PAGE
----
Dr. Leonard P. Perry, Extension Professor
Match the description and origin of the name in the left column with the name of the correct plant in the right column. Hint: origins may refer to the latin name, and the common name may be the one listed on the right. Answers are at the end of the list.
|1. after the Italian physicist Carlos Matteuci, 1800-1868||a. Lupinus|
|2. after the Austrian botanist N.T. Host||b. Anemone|
|3. after the Latin word for reed||c. Joe-pye Weed|
|4. after the hero in Homer's Iliad||d. Arundo donax|
|5. after the Greek god of medicine||e. Ostrich Fern|
|6. after the Latin word for wolf, from the misconception it took soil nutrients||f. yarrow|
|7. after the Greek for wind, referring to its seed dispersal||g. butterfly weed|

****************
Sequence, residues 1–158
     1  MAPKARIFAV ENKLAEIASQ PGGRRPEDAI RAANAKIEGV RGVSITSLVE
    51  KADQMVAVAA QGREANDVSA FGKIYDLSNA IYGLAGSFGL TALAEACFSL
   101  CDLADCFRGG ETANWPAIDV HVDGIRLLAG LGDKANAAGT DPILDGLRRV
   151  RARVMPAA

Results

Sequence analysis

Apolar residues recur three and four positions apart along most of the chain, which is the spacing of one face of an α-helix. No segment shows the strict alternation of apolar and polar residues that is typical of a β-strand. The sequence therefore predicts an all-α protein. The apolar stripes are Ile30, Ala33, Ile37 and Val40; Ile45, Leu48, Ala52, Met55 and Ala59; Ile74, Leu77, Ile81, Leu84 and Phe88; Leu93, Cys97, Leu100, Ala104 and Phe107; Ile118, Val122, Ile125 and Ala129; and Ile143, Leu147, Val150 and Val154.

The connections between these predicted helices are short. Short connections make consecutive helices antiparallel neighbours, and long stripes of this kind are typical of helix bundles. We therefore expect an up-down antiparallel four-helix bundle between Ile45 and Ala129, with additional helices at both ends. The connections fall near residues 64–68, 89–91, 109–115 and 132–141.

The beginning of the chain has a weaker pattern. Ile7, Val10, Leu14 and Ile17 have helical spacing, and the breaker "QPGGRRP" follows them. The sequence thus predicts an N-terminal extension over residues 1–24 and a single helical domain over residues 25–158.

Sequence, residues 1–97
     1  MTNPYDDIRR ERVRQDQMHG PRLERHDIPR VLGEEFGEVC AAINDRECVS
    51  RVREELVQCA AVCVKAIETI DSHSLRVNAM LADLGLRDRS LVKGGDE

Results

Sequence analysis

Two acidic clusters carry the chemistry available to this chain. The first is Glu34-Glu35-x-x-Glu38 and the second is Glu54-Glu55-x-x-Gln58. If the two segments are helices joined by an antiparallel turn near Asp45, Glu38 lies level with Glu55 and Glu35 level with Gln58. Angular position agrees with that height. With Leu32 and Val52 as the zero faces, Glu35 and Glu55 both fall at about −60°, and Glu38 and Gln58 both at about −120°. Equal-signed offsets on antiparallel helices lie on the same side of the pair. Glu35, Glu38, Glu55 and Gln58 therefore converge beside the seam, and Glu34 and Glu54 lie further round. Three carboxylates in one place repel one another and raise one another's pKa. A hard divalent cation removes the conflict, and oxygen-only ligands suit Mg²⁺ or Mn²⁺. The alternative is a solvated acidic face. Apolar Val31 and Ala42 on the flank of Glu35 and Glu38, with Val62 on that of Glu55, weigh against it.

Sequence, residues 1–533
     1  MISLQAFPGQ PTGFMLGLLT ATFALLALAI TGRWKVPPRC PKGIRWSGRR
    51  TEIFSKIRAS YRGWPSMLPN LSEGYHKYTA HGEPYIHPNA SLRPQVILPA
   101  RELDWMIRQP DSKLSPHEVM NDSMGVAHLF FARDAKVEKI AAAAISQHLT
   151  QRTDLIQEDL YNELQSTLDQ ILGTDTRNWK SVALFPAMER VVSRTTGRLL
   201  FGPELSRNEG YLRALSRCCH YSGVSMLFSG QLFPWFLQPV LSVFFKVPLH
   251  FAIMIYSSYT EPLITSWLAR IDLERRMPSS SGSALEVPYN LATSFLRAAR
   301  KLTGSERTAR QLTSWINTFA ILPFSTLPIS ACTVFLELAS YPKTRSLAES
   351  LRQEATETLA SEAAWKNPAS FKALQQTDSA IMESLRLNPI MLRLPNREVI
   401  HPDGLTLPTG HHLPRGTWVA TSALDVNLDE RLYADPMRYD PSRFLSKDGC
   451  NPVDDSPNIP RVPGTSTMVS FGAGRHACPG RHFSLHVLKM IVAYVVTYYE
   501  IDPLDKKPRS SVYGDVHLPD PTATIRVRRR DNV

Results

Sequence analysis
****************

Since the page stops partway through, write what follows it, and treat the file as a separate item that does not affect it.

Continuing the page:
|8. after the Latin word "to make solid", from supposed medicinal properties||h. plantain lily|
|9. after Mithridates Eupator, king of Pontus in Antiquity||i.Beardtongue|
|10. from the Greek words for "five stamens" referring to the flower structure||j. Solidago|
How did you do? If you'd like to learn more about edible plants (mostly native ones to North America or naturalized), their uses, name origins and lore, and even toxic properties, an excellent recent reference is The Encyclopedia of Edible Plants of North America, Francois Couplan, PhD., Keats Publishing, New Cannan, CT, 1998. The author writes from decades of first-hand experience with these plants, a scientific background, and living with native peoples around the world.
Back to The Arcade for more games and quizzes with perennials, or to Perry's Perennial Pages.